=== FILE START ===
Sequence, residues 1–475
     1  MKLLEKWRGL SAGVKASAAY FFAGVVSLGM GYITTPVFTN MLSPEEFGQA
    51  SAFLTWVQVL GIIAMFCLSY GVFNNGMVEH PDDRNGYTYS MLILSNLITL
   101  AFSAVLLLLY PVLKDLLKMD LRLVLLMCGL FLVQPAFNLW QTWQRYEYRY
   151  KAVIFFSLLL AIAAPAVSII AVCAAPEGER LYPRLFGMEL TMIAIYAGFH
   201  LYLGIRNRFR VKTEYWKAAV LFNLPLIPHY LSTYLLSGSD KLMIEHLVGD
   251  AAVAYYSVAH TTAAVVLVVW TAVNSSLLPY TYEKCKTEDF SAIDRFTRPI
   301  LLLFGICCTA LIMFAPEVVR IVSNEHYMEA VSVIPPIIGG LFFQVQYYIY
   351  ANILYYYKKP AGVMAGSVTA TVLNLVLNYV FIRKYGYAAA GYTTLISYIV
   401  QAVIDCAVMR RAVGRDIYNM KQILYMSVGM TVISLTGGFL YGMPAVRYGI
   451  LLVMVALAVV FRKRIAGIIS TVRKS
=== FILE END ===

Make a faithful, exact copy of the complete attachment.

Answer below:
Sequence, residues 1–475
     1  MKLLEKWRGL SAGVKASAAY FFAGVVSLGM GYITTPVFTN MLSPEEFGQA
    51  SAFLTWVQVL GIIAMFCLSY GVFNNGMVEH PDDRNGYTYS MLILSNLITL
   101  AFSAVLLLLY PVLKDLLKMD LRLVLLMCGL FLVQPAFNLW QTWQRYEYRY
   151  KAVIFFSLLL AIAAPAVSII AVCAAPEGER LYPRLFGMEL TMIAIYAGFH
   201  LYLGIRNRFR VKTEYWKAAV LFNLPLIPHY LSTYLLSGSD KLMIEHLVGD
   251  AAVAYYSVAH TTAAVVLVVW TAVNSSLLPY TYEKCKTEDF SAIDRFTRPI
   301  LLLFGICCTA LIMFAPEVVR IVSNEHYMEA VSVIPPIIGG LFFQVQYYIY
   351  ANILYYYKKP AGVMAGSVTA TVLNLVLNYV FIRKYGYAAA GYTTLISYIV
   401  QAVIDCAVMR RAVGRDIYNM KQILYMSVGM TVISLTGGFL YGMPAVRYGI
   451  LLVMVALAVV FRKRIAGIIS TVRKS